So how does hydrogenation work?

I’ve blogged on this subject in the past, but will happily re-summarize in light of the recent posts on oil, fat and frying, reader Sally! As outlined below, frying fats that are solid at room temperature are desirable for a number of reasons. But if solid animal fats are either too expensive, too rare or off the table for dietary or health reasons (as they were twenty or so years ago) what is there to do? The answer of course: turn liquid oils into solid fats.

That’s what a German chemist by the name of Wilhelm Normann did in 1902. He found that if one were to bubble hydrogen through liquid oil in the presence of a catalyst metal, unsaturated fatty acid chains would pick up hydrogen atoms (remember those teachers and school children from the post below). The result would be a solid oil, also known as a “fat.”

Why is that? Well remember how I wrote that lipid (fat or oil) molecules are “E” shaped, three fatty acids attached to a “backbone” of glycerol. Each of the fatty acids on that “E” can be — indeed usually are — different. Thus while all lipid molecules more or less look like the letter “E” some of the fatty acids on them are longer than others, are curved, etc.. Those differences are a factor of their basic structure, but also of their degree of saturation. Less saturated fatty acids tend to be curvy, fully saturated fatty acids tend to be straighter.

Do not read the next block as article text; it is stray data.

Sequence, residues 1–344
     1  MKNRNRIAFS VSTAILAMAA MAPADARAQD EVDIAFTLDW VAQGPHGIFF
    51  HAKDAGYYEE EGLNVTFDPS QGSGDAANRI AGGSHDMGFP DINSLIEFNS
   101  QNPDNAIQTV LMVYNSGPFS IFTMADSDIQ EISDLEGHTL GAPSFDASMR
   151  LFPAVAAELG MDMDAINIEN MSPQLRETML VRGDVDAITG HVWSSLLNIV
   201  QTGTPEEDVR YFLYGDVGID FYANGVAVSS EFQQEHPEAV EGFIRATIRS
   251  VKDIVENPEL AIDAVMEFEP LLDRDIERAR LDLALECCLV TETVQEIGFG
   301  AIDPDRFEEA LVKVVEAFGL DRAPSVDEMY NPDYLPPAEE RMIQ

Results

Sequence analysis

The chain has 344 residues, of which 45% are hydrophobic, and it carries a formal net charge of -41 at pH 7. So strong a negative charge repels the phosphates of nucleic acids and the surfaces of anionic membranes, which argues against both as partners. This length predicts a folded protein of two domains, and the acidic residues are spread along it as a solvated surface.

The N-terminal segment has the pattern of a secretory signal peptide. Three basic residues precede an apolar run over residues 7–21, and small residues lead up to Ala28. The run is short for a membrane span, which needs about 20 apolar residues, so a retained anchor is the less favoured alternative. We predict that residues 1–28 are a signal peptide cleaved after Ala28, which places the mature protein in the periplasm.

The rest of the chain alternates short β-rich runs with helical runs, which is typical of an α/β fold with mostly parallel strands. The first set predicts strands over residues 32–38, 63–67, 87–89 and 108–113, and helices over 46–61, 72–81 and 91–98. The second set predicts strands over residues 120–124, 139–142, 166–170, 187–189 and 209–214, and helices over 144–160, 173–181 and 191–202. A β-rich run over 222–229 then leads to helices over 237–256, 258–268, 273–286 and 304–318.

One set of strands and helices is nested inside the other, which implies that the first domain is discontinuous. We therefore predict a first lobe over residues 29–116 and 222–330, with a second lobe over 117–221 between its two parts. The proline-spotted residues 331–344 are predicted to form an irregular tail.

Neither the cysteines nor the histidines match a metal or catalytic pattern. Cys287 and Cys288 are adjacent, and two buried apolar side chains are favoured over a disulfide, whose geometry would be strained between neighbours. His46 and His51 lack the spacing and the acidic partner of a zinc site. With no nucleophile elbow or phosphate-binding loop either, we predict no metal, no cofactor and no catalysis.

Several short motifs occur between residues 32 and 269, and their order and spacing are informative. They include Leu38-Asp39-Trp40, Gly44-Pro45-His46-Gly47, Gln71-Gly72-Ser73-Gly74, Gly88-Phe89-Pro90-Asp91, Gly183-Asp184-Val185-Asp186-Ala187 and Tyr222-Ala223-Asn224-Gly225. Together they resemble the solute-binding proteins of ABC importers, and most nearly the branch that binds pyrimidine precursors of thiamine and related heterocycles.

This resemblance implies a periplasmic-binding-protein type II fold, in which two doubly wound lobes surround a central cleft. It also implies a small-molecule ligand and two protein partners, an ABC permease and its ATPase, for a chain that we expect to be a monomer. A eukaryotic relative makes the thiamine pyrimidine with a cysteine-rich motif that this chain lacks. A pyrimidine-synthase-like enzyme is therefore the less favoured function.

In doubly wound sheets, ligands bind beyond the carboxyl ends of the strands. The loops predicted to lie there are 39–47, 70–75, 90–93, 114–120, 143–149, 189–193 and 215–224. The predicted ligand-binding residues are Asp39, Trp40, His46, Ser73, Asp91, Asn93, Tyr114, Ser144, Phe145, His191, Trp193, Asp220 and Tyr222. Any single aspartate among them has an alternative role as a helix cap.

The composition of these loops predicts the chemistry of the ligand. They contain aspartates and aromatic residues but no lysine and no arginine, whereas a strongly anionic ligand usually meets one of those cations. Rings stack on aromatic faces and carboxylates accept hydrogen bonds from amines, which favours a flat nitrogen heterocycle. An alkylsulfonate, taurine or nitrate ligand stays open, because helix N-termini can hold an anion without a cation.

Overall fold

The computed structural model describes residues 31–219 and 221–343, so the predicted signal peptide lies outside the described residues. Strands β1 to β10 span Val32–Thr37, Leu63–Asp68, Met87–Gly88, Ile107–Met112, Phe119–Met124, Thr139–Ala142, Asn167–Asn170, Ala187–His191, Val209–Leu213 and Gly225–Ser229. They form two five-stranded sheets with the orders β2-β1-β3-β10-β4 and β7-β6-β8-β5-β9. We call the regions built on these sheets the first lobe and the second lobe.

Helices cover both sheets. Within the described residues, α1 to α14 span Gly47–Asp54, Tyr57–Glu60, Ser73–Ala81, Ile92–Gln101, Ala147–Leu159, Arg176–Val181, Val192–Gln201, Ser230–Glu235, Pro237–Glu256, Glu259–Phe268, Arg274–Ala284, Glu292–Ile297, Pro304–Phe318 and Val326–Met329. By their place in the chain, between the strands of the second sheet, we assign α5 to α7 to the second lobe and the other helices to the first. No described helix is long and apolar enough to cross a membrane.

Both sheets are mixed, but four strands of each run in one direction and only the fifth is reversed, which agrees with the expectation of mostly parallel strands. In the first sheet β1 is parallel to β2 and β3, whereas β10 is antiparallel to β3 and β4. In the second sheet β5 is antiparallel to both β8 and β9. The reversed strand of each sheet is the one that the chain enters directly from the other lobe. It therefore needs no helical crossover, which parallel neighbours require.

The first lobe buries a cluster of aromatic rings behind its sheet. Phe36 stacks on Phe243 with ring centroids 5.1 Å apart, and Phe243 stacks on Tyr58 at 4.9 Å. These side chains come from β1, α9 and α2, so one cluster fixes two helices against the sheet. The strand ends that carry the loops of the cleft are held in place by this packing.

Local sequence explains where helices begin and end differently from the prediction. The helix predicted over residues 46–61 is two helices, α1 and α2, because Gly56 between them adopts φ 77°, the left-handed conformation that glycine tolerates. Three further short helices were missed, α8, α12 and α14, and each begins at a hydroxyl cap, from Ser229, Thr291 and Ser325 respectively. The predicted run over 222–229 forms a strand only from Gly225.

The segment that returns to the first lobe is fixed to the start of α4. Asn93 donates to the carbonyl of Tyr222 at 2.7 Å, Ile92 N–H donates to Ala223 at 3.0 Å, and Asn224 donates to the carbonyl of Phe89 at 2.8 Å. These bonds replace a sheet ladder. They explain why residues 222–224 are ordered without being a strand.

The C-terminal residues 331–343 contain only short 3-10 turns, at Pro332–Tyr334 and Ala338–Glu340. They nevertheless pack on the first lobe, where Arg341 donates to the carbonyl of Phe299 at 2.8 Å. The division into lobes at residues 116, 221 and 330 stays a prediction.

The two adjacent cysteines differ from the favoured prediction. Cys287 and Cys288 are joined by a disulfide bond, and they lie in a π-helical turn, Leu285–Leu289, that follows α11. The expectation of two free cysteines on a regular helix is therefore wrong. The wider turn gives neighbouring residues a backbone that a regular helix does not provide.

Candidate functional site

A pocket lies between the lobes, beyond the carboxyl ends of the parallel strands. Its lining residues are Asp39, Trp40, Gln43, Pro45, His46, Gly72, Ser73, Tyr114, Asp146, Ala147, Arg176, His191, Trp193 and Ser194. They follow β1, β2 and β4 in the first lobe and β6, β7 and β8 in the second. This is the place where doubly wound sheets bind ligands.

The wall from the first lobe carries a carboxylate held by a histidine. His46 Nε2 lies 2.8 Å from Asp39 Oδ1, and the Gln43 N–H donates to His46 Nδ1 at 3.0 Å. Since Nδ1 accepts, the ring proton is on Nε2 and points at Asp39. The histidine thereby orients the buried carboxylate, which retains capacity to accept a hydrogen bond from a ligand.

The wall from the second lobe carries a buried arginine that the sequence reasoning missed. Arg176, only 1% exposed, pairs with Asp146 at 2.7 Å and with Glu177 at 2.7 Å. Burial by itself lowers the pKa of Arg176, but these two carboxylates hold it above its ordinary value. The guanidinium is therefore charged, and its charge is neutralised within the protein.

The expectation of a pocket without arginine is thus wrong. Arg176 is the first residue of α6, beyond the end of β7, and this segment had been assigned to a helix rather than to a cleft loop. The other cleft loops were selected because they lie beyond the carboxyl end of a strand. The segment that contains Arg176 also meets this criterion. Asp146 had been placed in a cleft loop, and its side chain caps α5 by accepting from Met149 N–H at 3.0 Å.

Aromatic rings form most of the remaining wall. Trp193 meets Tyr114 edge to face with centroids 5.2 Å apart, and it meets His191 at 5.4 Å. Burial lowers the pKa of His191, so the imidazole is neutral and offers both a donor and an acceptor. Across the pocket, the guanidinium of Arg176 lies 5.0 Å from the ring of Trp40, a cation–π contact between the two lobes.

That matters when it comes to crystallization. As I’ve written many, many times before, molecules that are alike tend to stack up on each other, thus forming firm crystals. You can imagine an oil as a jumble of languid, differently-shaped lipid molecules that can never quite click together, and so they flow.

Add hydrogen atoms, however, and the fatty acids begin to straighten out, the molecules become more uniform in their shape, and they begin forming crystals. The oil starts to become solid. The longer the reaction is allowed to continue the more the crystallization goes on and the firmer the oil gets. This is why most oils are only “partially” hydrogenated, because, while cooks (especially fry cooks) like their fats firm, they don’t want them rock-solid.

The rub there is that it’s partial hydrogenation that creates trans fats, which many people find objectionable, even though trans fats are a regular, natural feature of things like, oh, cow’s milk. But as usual, I digress.

So how then do producers of trans-free fry oils avoid getting trans fats in their products? Simple: they combine fully-hydrogenated oil with non-hydrogenated liquid oil, thus keeping the “fat” soft while avoiding partial hydrogenation. Neato, no?

2 thoughts on “So how does hydrogenation work?”

  1. I hate to ask this question but I gotta ask this question: with so much discussion on fats, what works best, what fries best, and ultimately what is healthy or not, why are some saturated fats deemed better than others? There is a buzz right now about coconut oil and that it is actually good for you. I remember not too long ago when it was deemed the Devil incarnate. It is possible for one saturated fat to be better than another?

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